NREL shows heavy duty hybrid trucks deliver on fuel economy
By Anthony Capkun
September 11, 2012 – A performance evaluation of Class 8 hybrid electric tractor trailers compared with similar conventional vehicles by the U.S. Department of Energy’s (DoE’s) National Renewable Energy Laboratory (NREL) shows significant improvements in fuel economy.
“During our 13-month study, the hybrid tractors demonstrated 13.7% higher fuel economy than the conventional tractors, resulting in a 12% reduction in fuel costs for the hybrids,” said NREL senior project leader Michael Lammert.
The hybrid tractors featured hybrid propulsion systems with 44 kW electric motors. The systems included regenerative braking and lithium-ion batteries that provided energy storage. Energy that is normally lost during braking is captured, stored in the batteries, and used to power the electric motor.
The NREL team collected and analyzed fuel economy, maintenance and other vehicle performance data on five hybrid and five conventional Class 8 tractor trailers operated by Coca-Cola Refreshments for delivery service in the Miami, Fla., area.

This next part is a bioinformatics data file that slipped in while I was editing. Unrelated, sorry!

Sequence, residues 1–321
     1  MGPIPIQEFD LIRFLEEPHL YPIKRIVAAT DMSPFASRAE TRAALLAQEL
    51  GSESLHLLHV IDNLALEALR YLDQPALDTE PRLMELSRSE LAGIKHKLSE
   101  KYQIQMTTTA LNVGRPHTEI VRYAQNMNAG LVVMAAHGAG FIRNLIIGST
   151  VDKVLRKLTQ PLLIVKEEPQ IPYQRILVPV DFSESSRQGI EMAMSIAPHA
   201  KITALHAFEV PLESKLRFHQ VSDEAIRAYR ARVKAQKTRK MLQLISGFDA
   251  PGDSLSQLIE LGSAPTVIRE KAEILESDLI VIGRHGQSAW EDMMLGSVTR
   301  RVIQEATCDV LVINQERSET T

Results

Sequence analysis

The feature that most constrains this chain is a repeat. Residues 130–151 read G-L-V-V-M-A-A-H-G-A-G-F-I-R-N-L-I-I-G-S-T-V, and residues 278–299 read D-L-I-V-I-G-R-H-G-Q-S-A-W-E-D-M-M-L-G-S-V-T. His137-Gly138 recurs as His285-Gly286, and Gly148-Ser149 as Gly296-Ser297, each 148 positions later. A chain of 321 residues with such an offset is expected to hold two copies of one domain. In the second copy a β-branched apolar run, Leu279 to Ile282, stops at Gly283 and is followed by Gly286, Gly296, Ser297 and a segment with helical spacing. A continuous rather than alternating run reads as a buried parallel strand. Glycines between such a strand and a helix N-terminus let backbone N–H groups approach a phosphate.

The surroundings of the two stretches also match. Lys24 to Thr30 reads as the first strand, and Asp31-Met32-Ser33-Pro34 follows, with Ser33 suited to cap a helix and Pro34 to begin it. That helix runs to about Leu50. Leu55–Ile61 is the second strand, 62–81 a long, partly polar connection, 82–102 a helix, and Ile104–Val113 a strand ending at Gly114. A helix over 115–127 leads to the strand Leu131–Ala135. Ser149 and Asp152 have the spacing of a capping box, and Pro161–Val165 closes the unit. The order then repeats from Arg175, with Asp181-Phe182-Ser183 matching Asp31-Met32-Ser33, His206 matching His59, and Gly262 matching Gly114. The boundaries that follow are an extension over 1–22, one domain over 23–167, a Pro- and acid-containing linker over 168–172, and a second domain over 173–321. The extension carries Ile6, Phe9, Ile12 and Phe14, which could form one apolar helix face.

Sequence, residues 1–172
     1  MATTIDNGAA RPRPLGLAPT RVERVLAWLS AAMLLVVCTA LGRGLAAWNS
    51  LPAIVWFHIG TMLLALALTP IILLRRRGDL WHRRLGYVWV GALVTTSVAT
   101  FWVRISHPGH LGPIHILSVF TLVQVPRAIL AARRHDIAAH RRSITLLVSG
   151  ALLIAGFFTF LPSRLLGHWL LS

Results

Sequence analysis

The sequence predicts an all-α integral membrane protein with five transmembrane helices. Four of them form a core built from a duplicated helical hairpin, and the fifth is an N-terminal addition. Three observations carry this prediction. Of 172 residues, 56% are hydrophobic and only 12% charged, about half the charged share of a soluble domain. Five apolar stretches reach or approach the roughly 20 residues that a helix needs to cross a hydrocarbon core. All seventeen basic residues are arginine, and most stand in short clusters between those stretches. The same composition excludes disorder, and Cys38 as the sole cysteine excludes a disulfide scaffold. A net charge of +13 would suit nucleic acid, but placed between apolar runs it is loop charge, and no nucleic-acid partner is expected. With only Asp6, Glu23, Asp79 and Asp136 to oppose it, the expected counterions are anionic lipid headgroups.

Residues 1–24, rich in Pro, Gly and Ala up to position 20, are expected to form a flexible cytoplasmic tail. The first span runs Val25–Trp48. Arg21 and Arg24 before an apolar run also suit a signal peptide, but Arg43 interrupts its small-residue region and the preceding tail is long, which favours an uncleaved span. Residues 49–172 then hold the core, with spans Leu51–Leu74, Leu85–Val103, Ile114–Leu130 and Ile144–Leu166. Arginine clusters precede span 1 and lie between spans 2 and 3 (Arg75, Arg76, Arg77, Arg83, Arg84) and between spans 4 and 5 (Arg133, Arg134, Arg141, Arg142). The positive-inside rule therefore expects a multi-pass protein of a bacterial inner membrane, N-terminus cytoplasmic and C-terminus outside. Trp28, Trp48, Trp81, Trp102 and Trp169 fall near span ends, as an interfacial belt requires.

“We see cost as the number one barrier to companies using advanced technologies,” Lammert said. “Testing likes this helps companies understand whether these vehicles are going to save them money over the long run.”
In addition to field testing, the NREL team performed dynamometer testing at its Renewable Fuels and Lubricants (ReFUEL) Research Laboratory. During dynamometer testing, the hybrids demonstrated up to a 30% improvement in fuel economy, depending on drive cycle, and up to a 32.1% improvement in ton-miles-per-gallon. The comparable conventional tractors were approximately the same age and operated in similar conditions in the same facility.
NREL has been tracking and evaluating new propulsion systems in transit buses and trucks for more than 10 years. These evaluations are part of the U.S. DoE’s Advanced Vehicle Testing Activity, which conducts “comprehensive, unbiased evaluations of advanced technology vehicles” operating in fleets across the nation.